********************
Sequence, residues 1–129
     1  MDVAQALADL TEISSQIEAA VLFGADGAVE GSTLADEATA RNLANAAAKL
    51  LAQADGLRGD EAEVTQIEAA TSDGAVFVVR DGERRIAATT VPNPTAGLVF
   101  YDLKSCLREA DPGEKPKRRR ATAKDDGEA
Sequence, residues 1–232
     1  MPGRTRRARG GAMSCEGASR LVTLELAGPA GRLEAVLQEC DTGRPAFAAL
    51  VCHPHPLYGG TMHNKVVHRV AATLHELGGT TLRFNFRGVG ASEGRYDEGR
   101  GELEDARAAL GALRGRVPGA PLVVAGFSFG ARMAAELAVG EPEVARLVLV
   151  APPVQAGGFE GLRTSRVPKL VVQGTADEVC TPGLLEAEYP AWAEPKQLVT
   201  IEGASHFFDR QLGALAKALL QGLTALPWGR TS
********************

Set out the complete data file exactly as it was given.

Sequence, residues 1–129
     1  MDVAQALADL TEISSQIEAA VLFGADGAVE GSTLADEATA RNLANAAAKL
    51  LAQADGLRGD EAEVTQIEAA TSDGAVFVVR DGERRIAATT VPNPTAGLVF
   101  YDLKSCLREA DPGEKPKRRR ATAKDDGEA
Sequence, residues 1–232
     1  MPGRTRRARG GAMSCEGASR LVTLELAGPA GRLEAVLQEC DTGRPAFAAL
    51  VCHPHPLYGG TMHNKVVHRV AATLHELGGT TLRFNFRGVG ASEGRYDEGR
   101  GELEDARAAL GALRGRVPGA PLVVAGFSFG ARMAAELAVG EPEVARLVLV
   151  APPVQAGGFE GLRTSRVPKL VVQGTADEVC TPGLLEAEYP AWAEPKQLVT
   201  IEGASHFFDR QLGALAKALL QGLTALPWGR TS